“Every magazine, every radio station – all of it. Consumed by racism and hate crimes. I get it, okay? It's not like I don't care about the people that die,” she shakes her head wildly from side to side, striking an uncanny resemblance to a bobblehead doll. “Of course I care about those guys. But, like, why oppress the rest of us, you know? Life needs to go on.”

I begin to wonder how many crap movies, Lifetime specials, 60 Minutes segments will come out of this newest tragedy. What the profit margin will be. It's perfect Hollywood fodder.

“Watch,” Beverley continues. “Every awards show next year will have some fucking tribute to this. Some stupid montage, slow-mo crime scene shit.”

It becomes clear to me that Beverley is more obsessed with the impact of racial injustice on popular culture than anything else. This obsession seems to be fueled by another; chain-smoking some obscene little white cigarette, the skinny kind the trendy girls smoked in the bathroom of my high school.

“Censorship. Denying the public access to culture. That's the true crime here. That's where it's really at. I turn on the TV and it's nothing but old assholes in bad suits talking about this cop and that man and this fucking gun and this fucked-up town. It gets sooo old after a while, you know?” I don't.

Her voice carries to all four corners of the room and someone applauds her sentiment. “Fuck the fucking news!”

I think about my four year-old son back at home. How, without fail, he will approach any cop — on the street, in the train station, at a diner — and smile, say Hi and Good job, guys. He still believes, without absolute faith and certainty, that those in positions of power are helpers. That those in positions of power use all their superhero skills for good.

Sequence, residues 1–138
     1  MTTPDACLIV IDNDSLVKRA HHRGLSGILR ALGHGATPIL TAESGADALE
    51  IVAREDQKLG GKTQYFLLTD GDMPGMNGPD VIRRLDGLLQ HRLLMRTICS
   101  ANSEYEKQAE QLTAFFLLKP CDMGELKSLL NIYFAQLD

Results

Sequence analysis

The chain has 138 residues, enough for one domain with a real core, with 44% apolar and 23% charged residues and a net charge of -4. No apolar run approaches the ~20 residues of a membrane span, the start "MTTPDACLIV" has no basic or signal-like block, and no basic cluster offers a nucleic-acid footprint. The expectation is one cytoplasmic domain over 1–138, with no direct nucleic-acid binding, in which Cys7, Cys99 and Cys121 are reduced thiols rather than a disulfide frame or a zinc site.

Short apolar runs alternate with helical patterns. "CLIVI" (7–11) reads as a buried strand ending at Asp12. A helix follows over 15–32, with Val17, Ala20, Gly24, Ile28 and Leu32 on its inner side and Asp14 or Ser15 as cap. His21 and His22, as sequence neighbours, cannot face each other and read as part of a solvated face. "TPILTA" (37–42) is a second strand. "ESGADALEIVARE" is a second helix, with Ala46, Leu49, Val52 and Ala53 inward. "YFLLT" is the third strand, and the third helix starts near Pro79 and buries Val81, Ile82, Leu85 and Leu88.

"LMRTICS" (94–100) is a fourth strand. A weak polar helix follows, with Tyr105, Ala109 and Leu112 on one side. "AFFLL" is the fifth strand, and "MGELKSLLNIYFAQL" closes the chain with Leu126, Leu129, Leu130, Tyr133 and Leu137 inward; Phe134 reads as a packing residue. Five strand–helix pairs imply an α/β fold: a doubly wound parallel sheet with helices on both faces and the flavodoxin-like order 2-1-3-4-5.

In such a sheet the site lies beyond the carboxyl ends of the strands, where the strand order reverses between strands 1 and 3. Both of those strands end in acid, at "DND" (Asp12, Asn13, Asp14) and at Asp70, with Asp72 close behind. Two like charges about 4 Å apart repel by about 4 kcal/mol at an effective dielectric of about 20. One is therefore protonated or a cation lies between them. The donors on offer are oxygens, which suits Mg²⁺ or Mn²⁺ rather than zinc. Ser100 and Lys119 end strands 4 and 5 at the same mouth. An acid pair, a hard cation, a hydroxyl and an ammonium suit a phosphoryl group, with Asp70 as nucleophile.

I'm in a college dive bar with kids light years younger than me. I swapped vodka for fake beer years ago and sip on club soda tonight. Sometimes the loneliness of my occupation, writer, pushes me out of the apartment and into places like this, with people like Beverley. I feel out of place and worried, worried that that humanity is going to Hell in a hand basket, as my grandmother used to say. Worried because my family is on the other side of the country and I am forgetting what they look like, feel like. Worried that an entire police force let a bullet-riddled teenager lay in the middle of a hot Missouri street for four hours before moving him into an SUV. Where's the ambulance, I remember thinking. Where's the fucking ambulance?

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If colors could talk, a scented talk…


by Shadab Zeest Hashmi

WRITING IS ALL ABOUT EXTENDING: When I was a child, I heard the story of the scholar jinn disguised as a boy, who once extended his arm all the way to the end of the palace courtyard to reach his ink pot, thus exposing his identity to his human tutor and risking rejection. Was he that absorbed in what he wrote, how he wrote? The tutor forgave his pupil’s deceptive guise on the grounds of his deep attention to the work at hand.